Curwensville is named for its earliest landowner, John Curwen, who settled here in 1799 and laid out forty-eight lots between Thompson and Locust streets. The town is divided into thirds by the West Branch Susquehanna River and Anderson Creek. It sits on high rolling land surrounded by flourishing farms and several coal mines. There has been a Quaker presence here from 1817, and a meetinghouse in town is now reused as an antiques store (818 State Street). The brick house commissioned by William Irvin in 1835, now a shop, appears to have been updated to its present Italianate appearance (240 State Street). The village became a borough in 1851. The railroad branch lines running through Curwensville provided the impetus for John Irvin's construction of the substantial stone two-and-one-half-story house with peaked gables (c. 1870; 211 State Street), as well as the stone Gothic Revival Curwensville Presbyterian Church (1868; 430 Locust Street). A pair of stone churches on State Street deserves attention: the Gothic Revival United Methodist Church (1893; 602 State Street) and the Shingle Style Grace Lutheran Church (1899; 406 Pine Street).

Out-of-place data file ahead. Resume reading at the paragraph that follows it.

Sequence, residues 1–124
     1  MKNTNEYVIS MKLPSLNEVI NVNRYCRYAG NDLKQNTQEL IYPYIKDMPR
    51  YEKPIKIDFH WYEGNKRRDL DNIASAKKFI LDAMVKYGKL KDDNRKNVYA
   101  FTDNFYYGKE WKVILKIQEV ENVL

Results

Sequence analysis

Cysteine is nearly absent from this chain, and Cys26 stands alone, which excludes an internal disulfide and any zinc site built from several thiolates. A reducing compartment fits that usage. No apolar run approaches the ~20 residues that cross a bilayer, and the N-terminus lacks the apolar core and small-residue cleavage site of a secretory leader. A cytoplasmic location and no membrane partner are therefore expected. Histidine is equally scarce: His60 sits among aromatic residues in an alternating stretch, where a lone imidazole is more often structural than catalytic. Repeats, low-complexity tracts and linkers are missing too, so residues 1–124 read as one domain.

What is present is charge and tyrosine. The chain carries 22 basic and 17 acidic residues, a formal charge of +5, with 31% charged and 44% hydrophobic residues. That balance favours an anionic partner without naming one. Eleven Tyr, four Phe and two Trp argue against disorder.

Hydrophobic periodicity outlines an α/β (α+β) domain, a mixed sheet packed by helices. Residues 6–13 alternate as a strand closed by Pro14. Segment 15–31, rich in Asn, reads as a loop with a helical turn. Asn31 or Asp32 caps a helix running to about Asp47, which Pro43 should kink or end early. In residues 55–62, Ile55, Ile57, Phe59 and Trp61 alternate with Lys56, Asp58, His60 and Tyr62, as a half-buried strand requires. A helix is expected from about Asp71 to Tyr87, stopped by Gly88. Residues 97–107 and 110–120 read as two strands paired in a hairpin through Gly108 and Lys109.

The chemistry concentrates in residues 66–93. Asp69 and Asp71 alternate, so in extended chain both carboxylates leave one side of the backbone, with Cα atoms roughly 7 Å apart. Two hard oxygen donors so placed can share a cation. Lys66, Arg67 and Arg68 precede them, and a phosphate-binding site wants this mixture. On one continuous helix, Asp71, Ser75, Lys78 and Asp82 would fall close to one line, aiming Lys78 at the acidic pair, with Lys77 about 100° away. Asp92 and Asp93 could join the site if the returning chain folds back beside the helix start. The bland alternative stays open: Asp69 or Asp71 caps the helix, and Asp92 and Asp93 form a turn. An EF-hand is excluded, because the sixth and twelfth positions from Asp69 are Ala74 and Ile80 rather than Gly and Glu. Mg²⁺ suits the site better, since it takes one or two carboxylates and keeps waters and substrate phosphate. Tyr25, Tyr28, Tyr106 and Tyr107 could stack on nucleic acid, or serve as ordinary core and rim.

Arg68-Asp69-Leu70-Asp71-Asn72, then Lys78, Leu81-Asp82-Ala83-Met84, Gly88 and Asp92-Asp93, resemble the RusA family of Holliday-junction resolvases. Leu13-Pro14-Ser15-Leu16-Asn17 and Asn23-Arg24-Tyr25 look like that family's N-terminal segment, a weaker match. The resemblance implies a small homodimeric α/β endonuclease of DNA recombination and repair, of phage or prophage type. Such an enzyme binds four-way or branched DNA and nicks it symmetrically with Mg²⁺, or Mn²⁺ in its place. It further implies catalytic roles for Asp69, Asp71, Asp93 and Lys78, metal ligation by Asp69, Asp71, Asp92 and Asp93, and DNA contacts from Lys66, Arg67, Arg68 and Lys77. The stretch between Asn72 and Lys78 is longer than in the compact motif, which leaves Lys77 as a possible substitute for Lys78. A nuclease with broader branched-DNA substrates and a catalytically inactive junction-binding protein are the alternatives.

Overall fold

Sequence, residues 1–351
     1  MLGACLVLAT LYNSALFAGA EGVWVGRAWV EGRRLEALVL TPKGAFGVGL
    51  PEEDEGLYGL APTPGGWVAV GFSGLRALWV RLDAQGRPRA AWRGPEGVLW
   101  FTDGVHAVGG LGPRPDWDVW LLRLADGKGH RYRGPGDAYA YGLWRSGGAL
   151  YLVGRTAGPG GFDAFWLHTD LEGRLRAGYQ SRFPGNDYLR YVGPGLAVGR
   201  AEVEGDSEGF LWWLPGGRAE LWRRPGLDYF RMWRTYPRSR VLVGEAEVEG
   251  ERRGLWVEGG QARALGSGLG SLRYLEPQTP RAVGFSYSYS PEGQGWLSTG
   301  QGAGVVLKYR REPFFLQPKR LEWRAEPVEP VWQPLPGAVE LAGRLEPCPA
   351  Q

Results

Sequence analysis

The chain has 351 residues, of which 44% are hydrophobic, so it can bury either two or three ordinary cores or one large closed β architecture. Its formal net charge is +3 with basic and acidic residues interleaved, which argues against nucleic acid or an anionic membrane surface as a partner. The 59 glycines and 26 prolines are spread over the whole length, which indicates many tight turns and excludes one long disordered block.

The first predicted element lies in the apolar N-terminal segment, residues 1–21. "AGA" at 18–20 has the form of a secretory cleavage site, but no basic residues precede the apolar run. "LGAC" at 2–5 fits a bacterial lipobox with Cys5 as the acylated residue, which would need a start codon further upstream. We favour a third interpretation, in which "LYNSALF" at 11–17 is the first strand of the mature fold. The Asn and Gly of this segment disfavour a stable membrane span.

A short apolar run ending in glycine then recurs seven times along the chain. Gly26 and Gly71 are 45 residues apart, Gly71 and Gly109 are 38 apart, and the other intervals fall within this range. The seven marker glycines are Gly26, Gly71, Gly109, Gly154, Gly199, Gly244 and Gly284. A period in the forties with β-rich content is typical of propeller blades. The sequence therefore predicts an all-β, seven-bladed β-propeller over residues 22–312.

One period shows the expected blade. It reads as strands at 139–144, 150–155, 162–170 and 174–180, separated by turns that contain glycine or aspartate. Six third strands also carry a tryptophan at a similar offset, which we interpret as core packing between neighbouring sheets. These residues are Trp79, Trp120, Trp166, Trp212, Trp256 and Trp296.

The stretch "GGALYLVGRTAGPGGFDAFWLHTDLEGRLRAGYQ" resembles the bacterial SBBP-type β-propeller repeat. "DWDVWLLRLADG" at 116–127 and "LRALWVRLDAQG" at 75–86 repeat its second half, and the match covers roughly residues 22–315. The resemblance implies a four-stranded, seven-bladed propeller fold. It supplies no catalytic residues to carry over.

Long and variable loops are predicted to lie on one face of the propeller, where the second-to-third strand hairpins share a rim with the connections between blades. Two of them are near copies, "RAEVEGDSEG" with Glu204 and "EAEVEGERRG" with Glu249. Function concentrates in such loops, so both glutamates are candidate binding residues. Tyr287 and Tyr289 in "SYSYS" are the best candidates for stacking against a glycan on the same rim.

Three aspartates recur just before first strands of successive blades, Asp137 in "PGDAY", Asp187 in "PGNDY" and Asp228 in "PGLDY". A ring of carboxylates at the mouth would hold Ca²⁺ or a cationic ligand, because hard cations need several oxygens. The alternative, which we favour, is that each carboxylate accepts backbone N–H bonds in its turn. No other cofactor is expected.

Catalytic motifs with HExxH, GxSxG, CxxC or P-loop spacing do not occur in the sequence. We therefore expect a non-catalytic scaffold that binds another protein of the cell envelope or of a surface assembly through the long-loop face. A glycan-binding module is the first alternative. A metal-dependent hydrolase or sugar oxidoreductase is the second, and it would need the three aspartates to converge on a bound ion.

If SAH Archipedia has been useful to you, please consider supporting it.
SAH Archipedia tells the story of the United States through its buildings, landscapes, and cities. This freely available resource empowers the public with authoritative knowledge that deepens their understanding and appreciation of the built environment. But the Society of Architectural Historians, which created SAH Archipedia with University of Virginia Press, needs your support to maintain the high-caliber research, writing, photography, cartography, editing, design, and programming that make SAH Archipedia a trusted online resource available to all who value the history of place, heritage tourism, and learning.